Microdose studies are ultralow dose clinical studies that are gaining increasing acceptance from FDA and international regulators. They offer drug development companies a way to get a glimpse into how their candidate drugs will behave in humans. This can in turn help drug developers design a relatively fast and cost-effective path to IND submission. PBL can support the preclinical testing required for implementation of various “microdose studies”.

Microdose studies were the subject of a guidance document from the FDA:

The purpose of this regulatory documents was to encourage sponsors to take advantage of the considerable flexibility in regulatory requirements for preclinical data to support abbreviated Clinical Trials designs that address specific product development issues. The Exploratory IND approach outlined by the FDA was intended for a variety of study paradigms, and was not limited to just microdose studies. Examples of studies that were mentioned by the FDA include: microdose studies, limited repeat dose studies to determine pharmacologic or pharmacodynamic endpoints, and studies to establish a mechanism of action related to efficacy. The rationale for this guidance was the recognition that:

Because exploratory IND studies involve administering either sub-pharmacologic doses of a product, or doses expected to produce a pharmacologic, but not a toxic, effect, the potential risk to human subjects is less than for a traditional phase 1 study that, for example, seeks to establish a maximally tolerated dose.  Because exploratory IND studies present fewer potential risks than do traditional phase 1 studies that look for dose-limiting toxicities, such limited exploratory IND investigations in humans can be initiated with less, or different, preclinical support than is required for traditional IND studies

Microdose clinical studies are typically designed to not induce pharmacologic effects. A microdose is defined as:

less than 1/100th of the dose of a test substance calculated (based on animal data) to yield a pharmacologic effect of the test substance with a maximum dose of <100 micrograms (for imaging agents, the latter criterion applies). Due to differences in molecular weights as compared to synthetic drugs, the maximum dose for protein products is ≤ 30 nanomoles.” (FDA Guidance for Industry, Investigators, and Reviewers. Exploratory IND Studies, January 2006).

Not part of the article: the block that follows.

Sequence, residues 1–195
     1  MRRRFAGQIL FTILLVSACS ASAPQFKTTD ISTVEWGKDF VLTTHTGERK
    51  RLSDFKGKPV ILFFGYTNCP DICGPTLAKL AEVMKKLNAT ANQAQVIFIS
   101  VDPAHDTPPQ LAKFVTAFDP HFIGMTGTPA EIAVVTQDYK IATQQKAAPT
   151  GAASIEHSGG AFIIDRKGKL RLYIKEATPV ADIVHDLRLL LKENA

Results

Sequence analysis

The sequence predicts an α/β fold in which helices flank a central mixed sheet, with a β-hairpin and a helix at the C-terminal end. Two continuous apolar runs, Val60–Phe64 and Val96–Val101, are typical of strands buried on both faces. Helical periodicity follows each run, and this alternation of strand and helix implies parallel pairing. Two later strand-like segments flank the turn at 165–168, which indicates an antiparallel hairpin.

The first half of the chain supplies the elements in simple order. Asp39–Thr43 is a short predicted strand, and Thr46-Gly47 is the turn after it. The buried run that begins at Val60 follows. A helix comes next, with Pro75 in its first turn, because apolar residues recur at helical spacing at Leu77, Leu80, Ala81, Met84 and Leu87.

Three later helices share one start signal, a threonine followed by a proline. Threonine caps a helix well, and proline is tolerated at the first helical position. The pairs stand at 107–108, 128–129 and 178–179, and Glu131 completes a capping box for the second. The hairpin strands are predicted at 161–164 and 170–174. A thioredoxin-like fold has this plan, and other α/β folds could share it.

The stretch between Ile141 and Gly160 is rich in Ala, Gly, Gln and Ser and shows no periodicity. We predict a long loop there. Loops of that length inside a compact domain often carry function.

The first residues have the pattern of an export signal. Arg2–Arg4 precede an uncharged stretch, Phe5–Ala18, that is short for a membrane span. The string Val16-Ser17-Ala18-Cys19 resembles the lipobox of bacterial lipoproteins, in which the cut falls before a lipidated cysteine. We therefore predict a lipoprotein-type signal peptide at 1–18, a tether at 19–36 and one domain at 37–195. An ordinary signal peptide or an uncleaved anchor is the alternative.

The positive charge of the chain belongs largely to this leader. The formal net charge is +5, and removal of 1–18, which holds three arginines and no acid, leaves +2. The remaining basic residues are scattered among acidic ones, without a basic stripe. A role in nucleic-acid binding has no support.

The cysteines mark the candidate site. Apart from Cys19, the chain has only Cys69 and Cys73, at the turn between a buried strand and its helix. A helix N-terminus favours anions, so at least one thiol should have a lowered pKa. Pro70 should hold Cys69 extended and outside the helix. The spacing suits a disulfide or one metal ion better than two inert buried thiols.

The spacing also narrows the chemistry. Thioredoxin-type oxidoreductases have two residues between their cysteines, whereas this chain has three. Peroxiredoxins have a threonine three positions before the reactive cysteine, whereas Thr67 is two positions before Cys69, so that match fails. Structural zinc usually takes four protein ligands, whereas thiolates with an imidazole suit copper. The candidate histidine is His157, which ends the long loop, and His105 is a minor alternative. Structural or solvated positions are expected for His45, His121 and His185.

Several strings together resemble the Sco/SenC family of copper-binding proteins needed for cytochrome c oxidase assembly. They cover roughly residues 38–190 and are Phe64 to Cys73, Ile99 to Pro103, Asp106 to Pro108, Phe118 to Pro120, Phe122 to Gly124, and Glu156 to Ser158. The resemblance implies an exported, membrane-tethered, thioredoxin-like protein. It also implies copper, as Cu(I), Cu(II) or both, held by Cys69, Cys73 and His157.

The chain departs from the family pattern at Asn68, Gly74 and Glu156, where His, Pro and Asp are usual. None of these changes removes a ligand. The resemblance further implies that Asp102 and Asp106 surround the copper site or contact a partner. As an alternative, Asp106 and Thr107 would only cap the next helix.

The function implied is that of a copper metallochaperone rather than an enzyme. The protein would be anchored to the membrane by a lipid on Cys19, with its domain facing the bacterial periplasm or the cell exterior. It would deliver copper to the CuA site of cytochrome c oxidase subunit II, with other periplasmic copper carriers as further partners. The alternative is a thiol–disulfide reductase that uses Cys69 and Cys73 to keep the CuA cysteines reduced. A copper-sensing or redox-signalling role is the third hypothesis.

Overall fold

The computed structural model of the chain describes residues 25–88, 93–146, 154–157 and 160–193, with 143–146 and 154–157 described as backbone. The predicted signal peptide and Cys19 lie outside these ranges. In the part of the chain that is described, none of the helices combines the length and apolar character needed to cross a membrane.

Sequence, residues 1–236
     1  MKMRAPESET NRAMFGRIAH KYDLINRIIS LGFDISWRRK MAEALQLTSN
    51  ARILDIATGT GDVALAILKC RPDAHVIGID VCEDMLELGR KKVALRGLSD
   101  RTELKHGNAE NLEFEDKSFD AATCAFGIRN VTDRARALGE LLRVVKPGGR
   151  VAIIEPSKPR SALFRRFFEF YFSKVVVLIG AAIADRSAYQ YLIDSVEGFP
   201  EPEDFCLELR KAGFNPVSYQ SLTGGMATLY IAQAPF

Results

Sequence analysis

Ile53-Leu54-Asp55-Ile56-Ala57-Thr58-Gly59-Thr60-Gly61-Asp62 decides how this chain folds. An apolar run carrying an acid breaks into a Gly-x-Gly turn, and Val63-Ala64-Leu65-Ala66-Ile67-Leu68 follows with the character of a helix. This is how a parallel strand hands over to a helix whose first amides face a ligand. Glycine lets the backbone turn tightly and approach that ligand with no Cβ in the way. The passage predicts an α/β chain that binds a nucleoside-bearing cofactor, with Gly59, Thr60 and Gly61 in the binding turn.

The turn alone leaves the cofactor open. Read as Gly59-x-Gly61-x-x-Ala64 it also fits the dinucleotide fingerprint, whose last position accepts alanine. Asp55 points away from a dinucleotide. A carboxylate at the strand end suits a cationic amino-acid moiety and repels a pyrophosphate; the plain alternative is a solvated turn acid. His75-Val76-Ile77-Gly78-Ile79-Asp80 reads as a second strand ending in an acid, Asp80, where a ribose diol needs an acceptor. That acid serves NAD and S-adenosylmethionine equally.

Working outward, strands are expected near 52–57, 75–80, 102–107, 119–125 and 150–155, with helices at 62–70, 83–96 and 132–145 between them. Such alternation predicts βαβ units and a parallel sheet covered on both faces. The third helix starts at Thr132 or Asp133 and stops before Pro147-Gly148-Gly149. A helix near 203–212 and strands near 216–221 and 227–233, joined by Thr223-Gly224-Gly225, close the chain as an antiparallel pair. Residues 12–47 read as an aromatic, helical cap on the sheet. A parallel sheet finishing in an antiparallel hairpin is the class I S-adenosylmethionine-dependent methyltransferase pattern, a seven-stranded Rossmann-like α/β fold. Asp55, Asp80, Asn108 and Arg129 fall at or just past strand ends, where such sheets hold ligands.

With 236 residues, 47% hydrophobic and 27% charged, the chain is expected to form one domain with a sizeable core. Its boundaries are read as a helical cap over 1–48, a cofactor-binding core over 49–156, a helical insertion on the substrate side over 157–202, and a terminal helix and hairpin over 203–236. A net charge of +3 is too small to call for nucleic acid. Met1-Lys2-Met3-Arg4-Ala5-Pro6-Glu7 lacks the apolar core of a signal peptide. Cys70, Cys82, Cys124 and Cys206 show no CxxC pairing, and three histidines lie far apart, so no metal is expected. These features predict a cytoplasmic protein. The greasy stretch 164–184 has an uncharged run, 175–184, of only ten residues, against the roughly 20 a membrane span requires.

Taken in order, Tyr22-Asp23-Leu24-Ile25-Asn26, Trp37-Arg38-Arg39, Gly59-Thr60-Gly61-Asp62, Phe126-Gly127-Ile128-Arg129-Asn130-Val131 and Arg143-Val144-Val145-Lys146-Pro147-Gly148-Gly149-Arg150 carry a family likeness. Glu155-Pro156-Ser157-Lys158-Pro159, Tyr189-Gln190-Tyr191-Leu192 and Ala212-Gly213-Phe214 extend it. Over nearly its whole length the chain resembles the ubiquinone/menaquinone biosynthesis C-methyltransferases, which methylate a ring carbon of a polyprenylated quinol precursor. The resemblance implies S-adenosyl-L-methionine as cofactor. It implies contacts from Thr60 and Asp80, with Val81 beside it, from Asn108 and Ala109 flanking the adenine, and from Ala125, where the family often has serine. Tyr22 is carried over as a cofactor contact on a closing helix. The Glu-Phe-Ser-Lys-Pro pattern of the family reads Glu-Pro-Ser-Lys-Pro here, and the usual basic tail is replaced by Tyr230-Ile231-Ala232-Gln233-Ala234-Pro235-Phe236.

less than 1/100th of the dose calculated to yield a pharmacological effect of the test substance based on primary pharmacodynamic data obtained in vitro and in vivo (typically doses in, or below, the low microgram range) and a maximum dose of ≤ 100 micrograms”. (Position Paper on Non-clinical Safety Studies to Support Clinical Trials with a Single Microdose. January 2003).

Because microdose clinical studies involve limited dose amounts (typically microgram quantities) and limited exposure times (single dose), the preclinical package required to support the regulatory submission can be abbreviated. Suggestions for the clinical information, the chemistry, manufacturing and controls (CMC) information, and the safety information required to support microdose studies can be found in the above referenced regulatory documents. Preclinical safety studies that are identified by the FDA guidance to support microdose clinical trials include:

  • A single dose mammalian toxicology study in a single species.  This can be justified if in vitro metabolism and in vitro pharmacology studies indicate the species of choice is representative of human.
  • Both sexes should be tested.
    • Exposure should be via the intended clinical route.
    • Animals should be observed for 14 days post-dose.
    • Necropsy should be performed at 2 days (24 hrs) and 14 days post-dose.
    • Endpoints should include, at a minimum, body weights, clinical signs, clinical chemistries, hematology and histopathology.
    • Doses should be selected to produce a minimal toxic effect, or a margin of safety.
  • No genetic toxicology or safety pharmacology testing is required.

Because human exposures are so low in microdose studies, they depend on the availability of highly sensitive analytical methods. The development and application of the accelerator mass spectrometer (AMS) to the bioanalysis of new drug candidates has made microdose studies more accessible. A variety of contract research laboratories offer AMS services for support of preclinical and clinical microdosing studies, including Accium Biosciences.

The use of the term “microdose” can also be applied to instances where a small amount of a tracer (e.g., a radioactive label) is added to an otherwise pharmacologic dose of test compound. In this case, the microdose is the tracer that would normally require significant study before it could be administered to humans. Because the tracer is present in such low amounts, the normal requirements for qualification prior to human use may be abbreviated. The utility of this approach for a human radiolabel study with [14C]ixabepilone was evident in a recent publication [Beumer et al., Invest New Drugs (2007) 25:327-334]. In this instance, the typical radiolabel dose used in a human volunteer for a mass balance study (e.g., 100 µCi) was decreased to 80 nCi. The decrease in radiolabel dose was necessitated by a significant potential for autoradiolysis of the tracer, [14C]ixabepilone. The total intravenous dose of ixabepilone was maintained at 70 mg, and the [14C]radiotracer was measured in blood (plasma), urine, and feces by AMS.

Pacific BioLabs